The concept of the ioSafe 1522+ NAS will be immediately obvious to some of our readers, and completely foreign for others. As a company, ioSafe has been making fireproof NAS units for years with waterproof ratings to also handle fire hoses putting out a fire. What ioSafe does, which is going to intrigue many, is that instead of building its own NAS, it utilizes Synology for the base NAS, then hardens the system from there. Let us get to it.
ioSafe 1522+ NAS Hardware Overview
The NAS itself is a large unit, but what pictures might not convey is that for a 5-bay NAS, it is heavy. It is 25kg (56lbs) empty and 28kg (62lbs) populated with drives. For some context, the Synology DS1522+ is 2.7kg empty. Almost 90% of the heft of the system is due to the fireproofing.
On the bottom of the unit we have status LEDs, a USB 3 port, and a power button shaped somewhat like the ioSafe logo.
That large faceplate in front of the drives is held on by magnets. Here is the inside of the lid.
Behind that, we are still not at the drives. Instead, there is another plate before we get into the heatsink drive compartment.
This faceplate to the drive chamber is held in place by a screw.
Now we can get to the drives. On one hand, this is not a hot-swap setup. On the other hand, there is no easy way to get to the drives, and that is the point.
Inside we had relatively small 4TB Seagate IronWolf drives, but there are larger options.
Here is a quick view of the backplane. ioSafe seems to be using the heatsink internal chassis instead of an open chassis with airflow to cool the drives. That makes sense since the system is designed to keep the NAS safe.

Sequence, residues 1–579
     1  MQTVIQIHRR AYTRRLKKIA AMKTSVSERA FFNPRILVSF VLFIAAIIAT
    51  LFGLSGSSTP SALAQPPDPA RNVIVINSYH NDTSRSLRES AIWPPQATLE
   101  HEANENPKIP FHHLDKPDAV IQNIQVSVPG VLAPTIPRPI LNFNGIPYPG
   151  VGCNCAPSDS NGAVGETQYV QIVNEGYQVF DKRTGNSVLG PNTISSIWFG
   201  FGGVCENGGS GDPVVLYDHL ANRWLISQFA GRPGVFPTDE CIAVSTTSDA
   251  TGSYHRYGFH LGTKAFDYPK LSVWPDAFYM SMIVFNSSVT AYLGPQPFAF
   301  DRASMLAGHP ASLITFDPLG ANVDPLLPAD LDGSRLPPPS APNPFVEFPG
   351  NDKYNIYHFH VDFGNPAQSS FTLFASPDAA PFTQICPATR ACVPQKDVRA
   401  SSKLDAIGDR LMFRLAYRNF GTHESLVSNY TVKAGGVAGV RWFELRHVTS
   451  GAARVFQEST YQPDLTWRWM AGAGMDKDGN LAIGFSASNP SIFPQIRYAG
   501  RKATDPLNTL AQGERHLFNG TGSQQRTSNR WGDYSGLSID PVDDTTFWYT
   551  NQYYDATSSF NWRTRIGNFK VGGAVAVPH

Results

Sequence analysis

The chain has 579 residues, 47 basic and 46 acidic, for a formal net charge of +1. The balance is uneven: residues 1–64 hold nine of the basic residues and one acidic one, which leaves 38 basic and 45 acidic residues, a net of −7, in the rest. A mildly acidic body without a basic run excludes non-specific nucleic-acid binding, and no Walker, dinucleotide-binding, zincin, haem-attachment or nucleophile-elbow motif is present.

On the rear of the unit, we get the serial number, fans, and the rear I/O.
If you happen to see some markings on the turntable, this unit was so heavy that it scratched the turntable we use.
The serial number is etched into a plate above two fans.
Below that we get the I/O. There is a power input, two eSATA connections, a USB 3 Type-A port, and four 1GbE ports. 1GbE feels quite dated in 2023 given the proliferation of 2.5GbE clients and switches. As a result, there is an optional 10GbE module installed.
Removing the fans we can see the internals from a Synology NAS adapted for this ioSafe application.
Underneath the unit, we have a panel that pulls off. Here we can access the 32GB of ECC SODIMM memory and two M.2 SSD slots.
The SSD slots are not meant for primary storage since they are not in the protective shell that the hard drives are in. Instead. these are designed more for cache applications.
The memory is branded as Synology.
Here is a look at the SODIMM slots.
Overall, one can tell the strategy of the NAS from this design. The NAS is designed to protect the hard drives, but not the actual NAS in the case of a fire.
Next, let us take a look at the software.